Y2K. We’re all aware of it, but do we really know what it could mean to our daily lives? According to Bob Bennett, Chairman of the Senate Select Committee on Y2K, there doesn’t seem to be anyone who can fully answer that question.
“I can’t tell you, are we going to be all right?” said Bennett at a Y2K Task Force Public Forum. “I haven’t got any idea. I can make some guesses and they may be educated guesses, but until the whole system really goes through this there’s no way really, to test it in advance. Everything is so interconnected. The power grid is going to work. Of course the power grid is going to work. That’s based on the assumption that the telephones will work. And the telephone system is going to work, and that’s based on the assumption that the power grid is up. And so on, all the way through."
John Hamre, Deputy Secretary of Defense, agrees.
“The Y2K problem is the electronic equivalent of the El Nino,” said Hamre, “and there will be nasty surprises around the globe.”
Amazingly, it seems that industrial automation is more sensitive to incorrect dates than had been originally anticipated.
“At each one of our factories there are catastrophic problems,” said Ralph Szygenda, Chief Information Officer for General Motors, speaking with Fortune Magazine. “When we tested robotic devices for transition into the year 2000, for example, they just froze and stopped operating.”
The American Waterworks Association has recently released a survey. It found that many of our nation’s municipal water providers are not prepared for the year 2000. Another survey conducted by a national wastewater association found that only 35 percent of the survey’s respondents expected to complete Year 2000 repairs. During an American-Canadian meeting held in February of this year it was revealed that ten percent of the large urban water suppliers in the U.S. will not be Y2K compliant when the millennium arrives.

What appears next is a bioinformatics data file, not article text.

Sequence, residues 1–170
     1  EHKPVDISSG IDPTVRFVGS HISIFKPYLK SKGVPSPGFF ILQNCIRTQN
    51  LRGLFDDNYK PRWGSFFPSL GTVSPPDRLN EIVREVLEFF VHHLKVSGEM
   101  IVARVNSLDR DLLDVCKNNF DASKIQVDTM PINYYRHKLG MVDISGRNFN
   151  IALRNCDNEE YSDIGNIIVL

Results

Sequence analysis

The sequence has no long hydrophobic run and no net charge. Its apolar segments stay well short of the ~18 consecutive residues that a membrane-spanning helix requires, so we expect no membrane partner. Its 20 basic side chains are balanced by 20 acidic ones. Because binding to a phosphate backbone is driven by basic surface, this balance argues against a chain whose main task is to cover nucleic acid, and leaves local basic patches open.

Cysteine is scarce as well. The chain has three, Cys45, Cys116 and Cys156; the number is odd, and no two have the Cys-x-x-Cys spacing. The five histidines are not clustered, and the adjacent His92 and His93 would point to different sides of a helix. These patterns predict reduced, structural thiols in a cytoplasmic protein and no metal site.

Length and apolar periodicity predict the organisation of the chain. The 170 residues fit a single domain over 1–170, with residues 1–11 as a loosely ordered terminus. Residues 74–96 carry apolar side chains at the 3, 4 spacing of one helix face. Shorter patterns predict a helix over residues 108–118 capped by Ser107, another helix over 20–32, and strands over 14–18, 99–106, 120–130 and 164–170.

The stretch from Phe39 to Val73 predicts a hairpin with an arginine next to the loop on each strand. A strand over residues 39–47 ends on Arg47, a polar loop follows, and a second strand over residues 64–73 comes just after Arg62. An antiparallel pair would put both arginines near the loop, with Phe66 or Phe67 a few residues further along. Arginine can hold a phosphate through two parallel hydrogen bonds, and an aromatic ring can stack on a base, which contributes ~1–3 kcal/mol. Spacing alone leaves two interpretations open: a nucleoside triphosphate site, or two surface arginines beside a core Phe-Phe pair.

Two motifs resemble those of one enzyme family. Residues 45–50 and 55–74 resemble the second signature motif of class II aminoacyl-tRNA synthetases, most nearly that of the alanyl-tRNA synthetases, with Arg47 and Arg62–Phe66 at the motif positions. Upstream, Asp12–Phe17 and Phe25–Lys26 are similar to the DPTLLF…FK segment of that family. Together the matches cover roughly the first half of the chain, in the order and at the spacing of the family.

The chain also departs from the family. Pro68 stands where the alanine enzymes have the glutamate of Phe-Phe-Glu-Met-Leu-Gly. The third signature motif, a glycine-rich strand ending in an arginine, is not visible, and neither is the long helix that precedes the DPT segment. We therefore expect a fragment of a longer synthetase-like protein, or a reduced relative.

We’ve all read the news recently concerning the computer glitch that happened during a Y2K test in Los Angeles. At the Hyperion Treatment Plant over 2,000 alarms were triggered in the first hour of the test. It took officials an hour and 15 minutes to realize that nearly 3 million gallons of raw sewage had spilled into a local park.
The City of Seattle’s Public Utilities (SPU) has a different story to tell. Early last year they completed an analysis on the current pumpstation equipment relative to Y2K, and decided to replace their outdated system with a SCADA system connected to smart PLCs or RTUs.
Dan Pflager, Senior Software Engineer in charge of embedded systems Y2K for SPU, conducted a Y2K analysis on the pumpstation equipment and found problems in the software and hardware as well. He also reported that much of the field equipment was obsolete or unsupported.
SPU also needed to meet new regulatory requirements issued by the Department of Ecology. These regulations required that the current pumpstation network be able to quantify an overflow at any given permitted site. This was not possible with the older monitoring and data collection equipment in place at the time. When it was installed in the 1980s, data collection was expensive, forcing officials to limit data collection parameters to only minimal data necessary to perform SPU’s current business and permit requirements..
Designing the New System